As he walked off the stage and into the twilight, the crowd roared its approval. Bob-bee! Bob-bee! ...
Four hours earlier, Petrino sits in his office for an interview, his chair positioned at a 90-degree angle to a reporter’s. His workspace is in the north end zone of the stadium, with a panoramic view of the field.
The interview has not been easy to arrange. It was requested weeks earlier, through Louisville’s media relations department. A negotiation ensued. Petrino and the p.r. staff wondered if the interview would include questions about his past and, if so, when that past might no longer be part of the narrative—because, frankly, his family was tired of reading about it. And Petrino had done plenty of talking about it when he was hired.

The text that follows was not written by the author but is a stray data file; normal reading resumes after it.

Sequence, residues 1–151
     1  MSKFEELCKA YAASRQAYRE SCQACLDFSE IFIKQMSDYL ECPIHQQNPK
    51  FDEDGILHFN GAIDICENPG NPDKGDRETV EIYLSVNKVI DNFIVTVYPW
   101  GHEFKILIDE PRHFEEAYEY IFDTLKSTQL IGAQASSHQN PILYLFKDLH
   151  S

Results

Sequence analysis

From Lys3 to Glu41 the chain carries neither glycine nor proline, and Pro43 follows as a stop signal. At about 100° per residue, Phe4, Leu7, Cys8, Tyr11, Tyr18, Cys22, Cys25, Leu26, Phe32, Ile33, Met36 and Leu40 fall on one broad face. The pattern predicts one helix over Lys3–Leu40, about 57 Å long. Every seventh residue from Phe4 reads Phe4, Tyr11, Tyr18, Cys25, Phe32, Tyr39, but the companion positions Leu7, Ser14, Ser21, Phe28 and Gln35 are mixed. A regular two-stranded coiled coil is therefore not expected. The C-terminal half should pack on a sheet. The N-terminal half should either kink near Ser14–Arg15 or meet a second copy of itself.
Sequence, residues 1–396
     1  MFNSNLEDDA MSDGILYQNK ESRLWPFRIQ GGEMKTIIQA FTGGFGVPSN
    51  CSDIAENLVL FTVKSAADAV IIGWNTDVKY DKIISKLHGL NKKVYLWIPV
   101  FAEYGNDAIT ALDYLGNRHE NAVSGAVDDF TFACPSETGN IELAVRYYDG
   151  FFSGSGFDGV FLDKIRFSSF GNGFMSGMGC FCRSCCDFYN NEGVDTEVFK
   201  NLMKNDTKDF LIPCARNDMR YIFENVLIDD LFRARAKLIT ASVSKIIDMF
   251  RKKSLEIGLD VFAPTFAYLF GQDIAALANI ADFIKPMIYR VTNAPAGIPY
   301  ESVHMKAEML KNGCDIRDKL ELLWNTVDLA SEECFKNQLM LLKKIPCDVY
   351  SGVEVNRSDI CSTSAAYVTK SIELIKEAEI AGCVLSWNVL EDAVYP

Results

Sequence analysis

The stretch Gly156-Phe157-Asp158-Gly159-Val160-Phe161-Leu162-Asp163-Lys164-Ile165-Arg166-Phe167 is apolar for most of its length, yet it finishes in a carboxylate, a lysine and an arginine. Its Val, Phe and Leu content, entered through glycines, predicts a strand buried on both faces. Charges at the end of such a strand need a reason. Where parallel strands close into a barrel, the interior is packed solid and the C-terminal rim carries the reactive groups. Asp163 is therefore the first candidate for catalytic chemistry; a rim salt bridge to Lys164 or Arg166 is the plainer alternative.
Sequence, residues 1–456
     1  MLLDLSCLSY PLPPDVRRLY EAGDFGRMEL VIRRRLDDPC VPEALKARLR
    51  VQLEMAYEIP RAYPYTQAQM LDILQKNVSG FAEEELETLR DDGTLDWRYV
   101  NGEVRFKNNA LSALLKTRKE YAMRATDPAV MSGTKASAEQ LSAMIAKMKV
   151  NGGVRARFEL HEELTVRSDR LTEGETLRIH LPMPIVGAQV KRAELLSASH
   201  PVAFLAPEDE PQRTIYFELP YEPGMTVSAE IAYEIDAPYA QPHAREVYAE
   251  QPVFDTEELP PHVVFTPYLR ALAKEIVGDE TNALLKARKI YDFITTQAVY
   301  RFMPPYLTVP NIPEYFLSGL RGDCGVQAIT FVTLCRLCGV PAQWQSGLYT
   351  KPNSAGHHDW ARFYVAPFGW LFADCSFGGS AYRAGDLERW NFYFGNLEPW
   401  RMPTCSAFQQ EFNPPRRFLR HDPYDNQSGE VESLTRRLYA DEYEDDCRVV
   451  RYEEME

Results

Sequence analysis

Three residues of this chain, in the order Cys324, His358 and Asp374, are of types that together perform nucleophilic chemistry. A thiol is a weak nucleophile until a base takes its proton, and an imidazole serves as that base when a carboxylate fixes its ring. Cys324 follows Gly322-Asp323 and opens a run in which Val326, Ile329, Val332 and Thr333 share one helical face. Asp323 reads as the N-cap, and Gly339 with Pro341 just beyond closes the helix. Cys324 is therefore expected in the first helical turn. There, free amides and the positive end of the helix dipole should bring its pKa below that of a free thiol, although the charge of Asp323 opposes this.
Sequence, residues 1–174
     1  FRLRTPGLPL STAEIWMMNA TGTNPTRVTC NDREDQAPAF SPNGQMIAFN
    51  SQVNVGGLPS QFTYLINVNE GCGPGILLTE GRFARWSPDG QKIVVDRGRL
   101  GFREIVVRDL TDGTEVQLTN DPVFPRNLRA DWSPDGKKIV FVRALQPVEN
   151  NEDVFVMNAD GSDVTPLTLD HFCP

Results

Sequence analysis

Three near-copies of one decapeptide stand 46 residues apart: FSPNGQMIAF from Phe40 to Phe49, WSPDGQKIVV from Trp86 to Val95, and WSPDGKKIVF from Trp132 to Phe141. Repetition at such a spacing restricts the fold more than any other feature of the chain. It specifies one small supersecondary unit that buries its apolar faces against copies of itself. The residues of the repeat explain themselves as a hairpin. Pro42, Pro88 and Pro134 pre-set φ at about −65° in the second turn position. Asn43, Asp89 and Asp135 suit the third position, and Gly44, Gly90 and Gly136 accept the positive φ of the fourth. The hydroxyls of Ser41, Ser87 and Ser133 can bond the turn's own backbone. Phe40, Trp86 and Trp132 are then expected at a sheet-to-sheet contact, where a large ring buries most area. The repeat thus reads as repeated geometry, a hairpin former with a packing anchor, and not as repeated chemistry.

Answer: Petrino’s “past” will always be part of the narrative. A couple of national championships might push the word motorcycle from the second paragraph of his obituary to the third or fourth, but motorcycle will be written. Petrino and his staff also wanted to know if the story would be “positive,” something that could not be guaranteed.
In his previous coaching incarnations—at Louisville, Atlanta and Arkansas—Petrino was painfully awkward with the media. He arrived at press conferences looking as if he had just gnawed on a lemon. A few days before that Blackout game in 2006, in the atrium of the Louisville football headquarters, he was answering some softball questions designed to set up a possible SI story about the Cardinals’ great season if they were to defeat the Mountaineers. (They did, 44-34.) In the middle of one question he turned and walked away, as if he had forgotten something so important that he felt no need to excuse himself. It wasn't so much disrespectful as asocial and strange. “When Bobby was here before,” says university president James T. Ramsey, “he was an introvert who cared about football and family. Of course, since then, he’s learned a hard lesson about family.”